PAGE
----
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“It is about a search, too, for daily meaning as well as daily bread, for recognition as well as cash, for astonishment rather than torpor; in short, for a sort of life rather than a Monday through Friday sort of dying.”


“Work is spending a significant chunk of your day being able to contribute to society.”

An accessible, online platform providing free education to millions of people worldwide—Salman Khan’s, Khan Academy, initially grew out of an effort to remotely tutor his cousins living in Bangladesh. He found himself making more and more videos for more and more people, and eventually quit a very lucrative job to found the Academy, a non-profit. Transitioning to the Academy full-time helped Sal reflect on his priorities: “I’ve had jobs sometimes where the pay was good, and people gave me respect and things like that, but I would go home kind of like what was my contribution to society today? It wasn’t a clear answer.” Now that he and his team have produced and distributed thousands and thousands of lectures (and are running the new brick-and-mortar Khan Academy), Sal has found a clearer answer: “I believe we have the real chance to affect hundreds of millions, maybe billions, of students over time.”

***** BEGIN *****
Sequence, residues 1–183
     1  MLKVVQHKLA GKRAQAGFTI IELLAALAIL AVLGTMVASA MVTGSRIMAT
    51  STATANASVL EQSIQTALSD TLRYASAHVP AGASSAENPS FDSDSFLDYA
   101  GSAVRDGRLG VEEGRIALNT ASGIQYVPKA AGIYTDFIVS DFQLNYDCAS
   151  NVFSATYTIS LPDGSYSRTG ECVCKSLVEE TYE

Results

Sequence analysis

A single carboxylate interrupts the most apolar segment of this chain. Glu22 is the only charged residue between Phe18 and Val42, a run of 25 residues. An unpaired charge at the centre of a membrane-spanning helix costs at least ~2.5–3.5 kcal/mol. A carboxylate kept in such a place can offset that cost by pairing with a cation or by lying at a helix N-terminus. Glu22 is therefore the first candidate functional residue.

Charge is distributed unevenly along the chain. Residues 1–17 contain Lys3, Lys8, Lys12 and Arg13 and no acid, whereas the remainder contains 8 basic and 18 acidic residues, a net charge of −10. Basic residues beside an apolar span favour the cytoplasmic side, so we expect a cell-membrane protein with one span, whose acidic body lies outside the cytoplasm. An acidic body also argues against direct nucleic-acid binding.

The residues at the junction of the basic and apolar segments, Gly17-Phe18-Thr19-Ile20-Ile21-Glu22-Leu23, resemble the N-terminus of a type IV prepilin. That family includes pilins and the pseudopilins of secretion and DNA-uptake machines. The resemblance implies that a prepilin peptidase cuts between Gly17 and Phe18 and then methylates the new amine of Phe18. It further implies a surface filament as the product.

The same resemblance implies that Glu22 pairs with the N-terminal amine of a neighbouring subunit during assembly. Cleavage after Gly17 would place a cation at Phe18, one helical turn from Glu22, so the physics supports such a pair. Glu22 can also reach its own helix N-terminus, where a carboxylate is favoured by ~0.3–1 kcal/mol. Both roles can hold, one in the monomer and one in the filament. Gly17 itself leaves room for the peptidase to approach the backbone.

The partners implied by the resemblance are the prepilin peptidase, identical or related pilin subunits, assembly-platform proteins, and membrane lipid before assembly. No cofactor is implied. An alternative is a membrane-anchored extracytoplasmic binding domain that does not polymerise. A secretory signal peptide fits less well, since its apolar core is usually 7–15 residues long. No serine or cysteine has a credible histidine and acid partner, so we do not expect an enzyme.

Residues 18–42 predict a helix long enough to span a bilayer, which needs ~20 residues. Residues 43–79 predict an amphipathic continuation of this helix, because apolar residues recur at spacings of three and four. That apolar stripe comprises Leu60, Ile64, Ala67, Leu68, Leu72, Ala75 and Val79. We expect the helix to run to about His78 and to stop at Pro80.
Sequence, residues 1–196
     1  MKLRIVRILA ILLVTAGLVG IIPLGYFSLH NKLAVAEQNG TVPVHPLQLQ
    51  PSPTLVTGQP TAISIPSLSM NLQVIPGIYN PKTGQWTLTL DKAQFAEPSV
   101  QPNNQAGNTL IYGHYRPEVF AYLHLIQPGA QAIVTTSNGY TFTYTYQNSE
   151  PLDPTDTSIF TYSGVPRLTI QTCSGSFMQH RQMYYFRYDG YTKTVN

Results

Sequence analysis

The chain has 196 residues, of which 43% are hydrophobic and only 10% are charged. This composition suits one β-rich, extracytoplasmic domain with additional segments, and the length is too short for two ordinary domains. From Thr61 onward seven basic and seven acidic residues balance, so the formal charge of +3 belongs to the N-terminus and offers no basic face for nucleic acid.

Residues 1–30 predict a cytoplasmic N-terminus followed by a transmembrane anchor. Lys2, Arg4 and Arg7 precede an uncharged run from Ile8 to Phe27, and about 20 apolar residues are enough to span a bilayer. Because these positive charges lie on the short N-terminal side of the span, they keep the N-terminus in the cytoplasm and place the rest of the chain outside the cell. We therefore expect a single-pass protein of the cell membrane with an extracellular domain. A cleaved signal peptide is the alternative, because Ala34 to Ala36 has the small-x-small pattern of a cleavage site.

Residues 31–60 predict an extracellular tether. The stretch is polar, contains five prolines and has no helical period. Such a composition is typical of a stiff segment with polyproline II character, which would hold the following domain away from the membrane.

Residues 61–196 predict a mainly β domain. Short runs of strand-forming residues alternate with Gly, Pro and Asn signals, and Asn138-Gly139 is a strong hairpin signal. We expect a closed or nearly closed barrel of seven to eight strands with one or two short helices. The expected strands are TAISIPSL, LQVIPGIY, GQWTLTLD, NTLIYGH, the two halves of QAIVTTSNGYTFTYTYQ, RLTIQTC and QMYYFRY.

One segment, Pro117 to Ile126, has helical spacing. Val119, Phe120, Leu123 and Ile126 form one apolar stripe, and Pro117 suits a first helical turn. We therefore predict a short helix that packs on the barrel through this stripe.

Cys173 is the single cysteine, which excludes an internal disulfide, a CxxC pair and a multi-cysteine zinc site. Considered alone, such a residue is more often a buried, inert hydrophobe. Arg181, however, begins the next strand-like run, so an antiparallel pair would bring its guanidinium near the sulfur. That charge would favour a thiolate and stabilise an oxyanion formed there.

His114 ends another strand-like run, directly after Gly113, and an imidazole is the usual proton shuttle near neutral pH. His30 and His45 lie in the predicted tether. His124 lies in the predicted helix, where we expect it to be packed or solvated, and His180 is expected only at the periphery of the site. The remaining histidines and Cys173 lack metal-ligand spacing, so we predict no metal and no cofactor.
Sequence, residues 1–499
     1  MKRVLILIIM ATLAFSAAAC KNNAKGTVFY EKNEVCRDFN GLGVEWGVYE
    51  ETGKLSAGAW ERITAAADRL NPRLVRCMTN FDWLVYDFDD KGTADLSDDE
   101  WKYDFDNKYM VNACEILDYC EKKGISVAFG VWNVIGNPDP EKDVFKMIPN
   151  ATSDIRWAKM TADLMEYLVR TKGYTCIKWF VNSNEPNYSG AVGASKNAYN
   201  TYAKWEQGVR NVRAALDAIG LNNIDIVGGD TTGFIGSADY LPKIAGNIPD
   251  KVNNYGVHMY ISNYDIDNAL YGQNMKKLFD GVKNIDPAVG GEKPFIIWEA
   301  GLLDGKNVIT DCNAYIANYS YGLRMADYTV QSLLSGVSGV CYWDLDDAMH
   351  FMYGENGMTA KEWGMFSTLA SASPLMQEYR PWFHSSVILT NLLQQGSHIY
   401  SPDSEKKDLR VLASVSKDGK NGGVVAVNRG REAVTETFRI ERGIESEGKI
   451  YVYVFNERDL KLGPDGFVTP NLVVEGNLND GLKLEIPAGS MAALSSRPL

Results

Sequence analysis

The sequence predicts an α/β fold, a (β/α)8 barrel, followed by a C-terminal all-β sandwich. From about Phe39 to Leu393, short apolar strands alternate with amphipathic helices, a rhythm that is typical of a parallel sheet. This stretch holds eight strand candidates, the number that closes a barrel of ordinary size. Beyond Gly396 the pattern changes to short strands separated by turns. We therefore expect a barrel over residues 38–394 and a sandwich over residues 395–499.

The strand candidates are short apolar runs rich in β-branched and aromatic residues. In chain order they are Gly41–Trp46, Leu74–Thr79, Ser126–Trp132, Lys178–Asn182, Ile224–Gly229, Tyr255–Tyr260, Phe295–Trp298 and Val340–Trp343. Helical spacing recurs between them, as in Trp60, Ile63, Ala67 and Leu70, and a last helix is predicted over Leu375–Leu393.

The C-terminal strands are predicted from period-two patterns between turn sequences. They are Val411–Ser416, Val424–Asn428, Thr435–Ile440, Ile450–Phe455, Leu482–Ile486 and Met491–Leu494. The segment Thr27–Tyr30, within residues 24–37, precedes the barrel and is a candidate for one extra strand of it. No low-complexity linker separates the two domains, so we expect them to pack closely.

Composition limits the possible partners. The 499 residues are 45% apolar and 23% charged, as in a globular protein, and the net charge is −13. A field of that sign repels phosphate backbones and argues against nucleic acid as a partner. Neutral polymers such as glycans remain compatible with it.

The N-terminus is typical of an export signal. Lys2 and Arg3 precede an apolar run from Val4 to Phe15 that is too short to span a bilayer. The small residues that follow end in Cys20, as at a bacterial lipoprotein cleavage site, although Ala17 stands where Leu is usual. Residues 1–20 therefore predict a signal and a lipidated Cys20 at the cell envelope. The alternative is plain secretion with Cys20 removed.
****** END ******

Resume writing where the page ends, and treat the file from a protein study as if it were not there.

Sal plays many roles as Founder and CEO of the Academy, which is literally changing the way people learn by offering access to an education, world-wide: “I’d like to consider myself an educator, a producer, a creative worker, but it’s very entrepreneurial, and I’m a manager as well.” Ultimately he thinks of himself as a daydreamer. While he spends much of his day in meetings and managing the overall operations of the Academy, he dedicates hours each day to his creative process. As he explains, “That might be making videos, it might be researching and reading in preparation for making content. It might just be time for me to think about some tough problems from a management point of view or from a strategic point of view for the organization. For me, that’s really important to have that.”